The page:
NECS Conference Panel on Genre Transformation Beyond Bollywood
Daniela Berghahn convened a panel at the annual NECS conference at the Università Cattolica del Sacro Cuore in Milan (19-21 June 2014), which explored how the cultural logic of globalisation has fostered processes of intercultural borrowing and fusion and how these have impacted upon the (trans)formation of film genres.
The four speakers (Professor Arslan, Dr Laura Rascaroli, Dr Manishita Dass and Professor Daniela Berghahn) proposed that European and World Cinema have played an important role in revitalising genres including the road movie, film noir and melodrama. Far from being a one-way process in which Hollywood templates are productively appropriated by 'the rest' of the world, increasingly, the multi-sited generic conventions of World Cinema cross over into the mainstream.
In his paper entitled Some Like It Peanut: Hollywood with a Twist, Savaş Arslan (Bahçeşehir University, Istanbul) explored how the 1960s and 1970s popular cinema of Turkey (Yeşilçam) utilized the storytelling conventions of Classical Hollywood Cinema in a creative way in terms of the adaptation of original texts. In this respect, I will focus on two separate remakes of Billy Wilder's Some Like It Hot (1959), namely Fıstık Gibi Maşallah(Hulki Saner 1964) and Fıstık Gibi (Hulki Saner, 1970), and address these remakes through aspects of cultural transformation and adaptation in a trans-national manner. In this, I will argue that adaptation in the end is informed by various practices of localization and hybridization. In doing this, I will also elaborate on how genres are termed in the popular film industry of Turkey by bringing together elements from theatrical traditions and both Hollywood and French cinemas.
Laura Rascaroli’s (University College Cork) paper Stalled Movement: The Post-Eurocentric Road Movie argued that the critique of Eurocentric cosmopolitanism is a consequence of the crisis of Europe and the radical repositioning on the global stage that the region has undergone over the past few decades. Such a critique has impacted on the European road movie as a genre that depicts the mobility of people across borders. A tendency towards a stalled or refused mobility, for instance, has been noted in Slovenian road movies of the 1990s–2000s promoting an alternative, non-Eurocentric cosmopolitanism. She argued that a number of recent transnational Western European road movies with migratory narratives show a similar tendency, but with different ideological outcomes. While comparably amounting to a critique of Eurocentrism, stalled movement in films like Loin (France/Spain 2001) and Depuis qu’Otar est parti... (France/Belgium 2003) does not result in alternative cosmopolitan projects, but rather gives expression to intense social tensions – and profoundly alters the genre’s established narrative and aesthetic tropes.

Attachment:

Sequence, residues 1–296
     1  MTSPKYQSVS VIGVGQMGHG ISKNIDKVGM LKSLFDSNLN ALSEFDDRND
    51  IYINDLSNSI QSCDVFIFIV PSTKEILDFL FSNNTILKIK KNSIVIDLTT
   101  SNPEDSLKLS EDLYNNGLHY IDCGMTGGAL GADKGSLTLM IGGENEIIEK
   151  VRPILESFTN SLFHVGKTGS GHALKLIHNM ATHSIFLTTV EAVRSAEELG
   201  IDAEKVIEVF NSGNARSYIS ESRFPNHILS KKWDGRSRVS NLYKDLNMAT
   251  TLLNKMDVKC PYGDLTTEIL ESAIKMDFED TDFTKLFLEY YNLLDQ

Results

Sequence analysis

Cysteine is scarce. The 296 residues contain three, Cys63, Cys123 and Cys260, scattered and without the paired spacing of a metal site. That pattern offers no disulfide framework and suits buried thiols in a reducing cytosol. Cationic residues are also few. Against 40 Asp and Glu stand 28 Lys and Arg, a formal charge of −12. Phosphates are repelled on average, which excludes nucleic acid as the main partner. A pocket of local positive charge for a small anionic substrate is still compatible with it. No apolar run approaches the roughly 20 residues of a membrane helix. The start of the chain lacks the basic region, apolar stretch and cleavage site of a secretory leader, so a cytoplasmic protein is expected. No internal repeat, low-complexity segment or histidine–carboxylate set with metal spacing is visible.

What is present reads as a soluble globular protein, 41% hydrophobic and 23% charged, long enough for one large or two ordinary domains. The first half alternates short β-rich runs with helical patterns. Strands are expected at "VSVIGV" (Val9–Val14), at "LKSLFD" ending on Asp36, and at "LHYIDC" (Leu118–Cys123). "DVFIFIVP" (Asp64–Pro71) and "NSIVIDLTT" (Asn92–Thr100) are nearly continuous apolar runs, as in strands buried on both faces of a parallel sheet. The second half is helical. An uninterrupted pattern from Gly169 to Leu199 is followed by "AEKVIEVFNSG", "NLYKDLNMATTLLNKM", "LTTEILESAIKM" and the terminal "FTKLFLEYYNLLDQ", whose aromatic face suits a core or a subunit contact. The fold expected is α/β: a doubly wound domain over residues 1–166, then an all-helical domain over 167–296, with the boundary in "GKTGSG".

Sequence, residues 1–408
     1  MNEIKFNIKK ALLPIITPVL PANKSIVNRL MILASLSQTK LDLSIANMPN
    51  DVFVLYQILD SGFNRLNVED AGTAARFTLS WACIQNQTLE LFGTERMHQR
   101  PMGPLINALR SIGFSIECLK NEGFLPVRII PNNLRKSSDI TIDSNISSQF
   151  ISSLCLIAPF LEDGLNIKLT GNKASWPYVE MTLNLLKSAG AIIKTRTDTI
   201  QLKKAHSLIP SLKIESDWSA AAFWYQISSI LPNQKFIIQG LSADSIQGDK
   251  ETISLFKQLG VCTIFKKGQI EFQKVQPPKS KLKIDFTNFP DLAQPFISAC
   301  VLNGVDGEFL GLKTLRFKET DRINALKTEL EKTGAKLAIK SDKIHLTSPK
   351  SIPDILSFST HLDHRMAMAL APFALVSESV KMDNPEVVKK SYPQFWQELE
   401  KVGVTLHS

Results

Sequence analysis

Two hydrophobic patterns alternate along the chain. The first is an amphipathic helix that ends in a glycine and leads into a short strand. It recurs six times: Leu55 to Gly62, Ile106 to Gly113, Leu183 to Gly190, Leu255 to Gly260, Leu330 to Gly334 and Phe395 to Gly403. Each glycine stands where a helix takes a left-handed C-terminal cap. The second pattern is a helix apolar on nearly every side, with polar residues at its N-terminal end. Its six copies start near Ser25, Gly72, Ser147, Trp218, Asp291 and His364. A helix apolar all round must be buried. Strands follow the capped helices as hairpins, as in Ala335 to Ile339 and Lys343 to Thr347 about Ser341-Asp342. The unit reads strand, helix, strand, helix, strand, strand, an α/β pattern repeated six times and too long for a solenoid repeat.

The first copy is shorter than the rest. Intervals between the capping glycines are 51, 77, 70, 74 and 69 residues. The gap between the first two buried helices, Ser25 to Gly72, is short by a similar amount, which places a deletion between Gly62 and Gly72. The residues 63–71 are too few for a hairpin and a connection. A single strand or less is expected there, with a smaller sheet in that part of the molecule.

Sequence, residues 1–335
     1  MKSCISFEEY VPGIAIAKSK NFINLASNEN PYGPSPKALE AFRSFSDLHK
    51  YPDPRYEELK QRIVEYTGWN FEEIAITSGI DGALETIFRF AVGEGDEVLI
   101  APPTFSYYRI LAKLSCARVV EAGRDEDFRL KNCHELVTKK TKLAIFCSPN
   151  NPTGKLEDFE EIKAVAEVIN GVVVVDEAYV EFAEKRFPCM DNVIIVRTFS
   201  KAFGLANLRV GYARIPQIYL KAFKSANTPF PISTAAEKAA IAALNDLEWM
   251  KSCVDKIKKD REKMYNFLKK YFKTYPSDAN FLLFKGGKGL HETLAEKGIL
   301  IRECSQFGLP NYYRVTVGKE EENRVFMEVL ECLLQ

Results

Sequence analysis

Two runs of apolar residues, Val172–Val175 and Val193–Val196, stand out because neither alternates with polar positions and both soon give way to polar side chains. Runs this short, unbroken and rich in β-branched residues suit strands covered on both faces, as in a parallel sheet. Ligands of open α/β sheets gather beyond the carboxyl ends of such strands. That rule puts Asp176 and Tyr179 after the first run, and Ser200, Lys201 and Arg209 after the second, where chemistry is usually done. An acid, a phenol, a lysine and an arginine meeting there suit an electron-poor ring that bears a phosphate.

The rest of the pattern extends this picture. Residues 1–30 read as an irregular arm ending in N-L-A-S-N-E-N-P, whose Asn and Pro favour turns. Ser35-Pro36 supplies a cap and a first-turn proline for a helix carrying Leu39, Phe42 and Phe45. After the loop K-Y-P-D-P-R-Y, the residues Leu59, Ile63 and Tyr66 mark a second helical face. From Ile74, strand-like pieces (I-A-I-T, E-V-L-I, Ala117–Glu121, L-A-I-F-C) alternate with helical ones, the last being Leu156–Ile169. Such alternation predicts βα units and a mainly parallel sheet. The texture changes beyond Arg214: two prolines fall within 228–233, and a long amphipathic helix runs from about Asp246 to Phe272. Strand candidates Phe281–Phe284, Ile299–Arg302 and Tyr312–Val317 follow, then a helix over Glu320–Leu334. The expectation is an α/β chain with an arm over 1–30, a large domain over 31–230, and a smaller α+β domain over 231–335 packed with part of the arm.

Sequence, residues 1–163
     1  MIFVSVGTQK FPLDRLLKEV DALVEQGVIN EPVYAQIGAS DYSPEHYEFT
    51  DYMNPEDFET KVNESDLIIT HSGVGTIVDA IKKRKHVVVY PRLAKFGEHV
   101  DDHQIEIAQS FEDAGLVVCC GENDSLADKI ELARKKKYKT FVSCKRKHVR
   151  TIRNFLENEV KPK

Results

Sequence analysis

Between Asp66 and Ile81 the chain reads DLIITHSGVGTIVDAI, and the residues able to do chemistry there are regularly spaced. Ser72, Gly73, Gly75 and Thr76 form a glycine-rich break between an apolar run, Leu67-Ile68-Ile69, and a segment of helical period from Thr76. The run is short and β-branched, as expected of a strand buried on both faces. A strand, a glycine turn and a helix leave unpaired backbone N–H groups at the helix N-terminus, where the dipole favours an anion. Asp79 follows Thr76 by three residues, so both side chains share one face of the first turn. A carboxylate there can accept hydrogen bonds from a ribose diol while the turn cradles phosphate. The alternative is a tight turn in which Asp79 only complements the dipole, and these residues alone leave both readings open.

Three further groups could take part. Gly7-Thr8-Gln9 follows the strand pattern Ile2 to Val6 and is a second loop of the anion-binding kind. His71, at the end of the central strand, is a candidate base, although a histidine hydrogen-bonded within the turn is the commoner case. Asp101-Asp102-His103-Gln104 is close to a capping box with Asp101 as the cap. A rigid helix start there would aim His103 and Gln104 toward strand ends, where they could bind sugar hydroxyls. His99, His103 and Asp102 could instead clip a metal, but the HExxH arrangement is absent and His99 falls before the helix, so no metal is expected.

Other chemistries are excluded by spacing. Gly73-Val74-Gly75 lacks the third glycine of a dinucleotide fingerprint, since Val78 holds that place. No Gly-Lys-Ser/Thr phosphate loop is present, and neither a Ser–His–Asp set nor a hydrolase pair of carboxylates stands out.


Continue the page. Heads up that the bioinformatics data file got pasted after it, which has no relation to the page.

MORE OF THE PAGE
In her paper Distant Shades of Darkness: The Noir Sensibility in 1950s Hindi Cinema, Manishita Dass’s (Royal Holloway, University of London) proposed that although the term “film noir” still conjures up visions of a uniquely American phenomenon, recent revisionist scholarship has emphasized the transnational genealogies, migrations, and mutations of the genre. This paper contributes towards an international history of film noir by tracing the appearance and transformation of noir themes, styles, and images in mainstream Hindi films of the 1950s, produced in Bombay, such as C.I.D. (Raj Khosla, 1956), Phir Subah Hogi (Dawn Will Come Again, Ramesh Saigal, 1958), and Kala Bazaar (Black Market, Vijay Anand, 1960). She argued that a noir sensibility was central to post-independence Hindi cinema’s emergence as a site of leftist critique where critical perspectives on mainstream nationalism, on the democratic claims of the nation-state, and on urban modernity merged with a populist approach to entertainment, formal experimentation, and generic hybridity.
Daniela Berghahn (Royal Holloway, University of London) used the NECS conference as an opportunity to share and discuss some of the arguments she has proposed in her forthcoming book on Fatih Akin’s film Gegen die Wand (Head-On, 2004), forthcoming with BFI Film Classics. Her paper Hybridity in Diasporic Cinema drew on Janet Staiger’s influential essay (2003) ‘Hybrid or inbred: The purity hypothesis and Hollywood genre history’, where Staiger suggests that certain ‘films created by minority or subordinated groups’ are truly ‘hybrid genres’, in so far as they are based on ‘truly cross-cultural encounters’ and ‘use genre mixing or genre parody to dialogue with or criticize the dominant’ . Berghahn argued that Head-Onillustrates generic hybridity in exemplary fashion, appropriating the transnational genealogy of the of German émigré director Douglas Sirk and Rainer Werner Fassbinder’s melodramas (notably The Marriage of Maria Braun) while simultaneously drawing on popular Turkish Yeşilçam melodrama, in particular, arabesk singer films.
Posted by Daniela Berghahn on 24 Jun 2014 •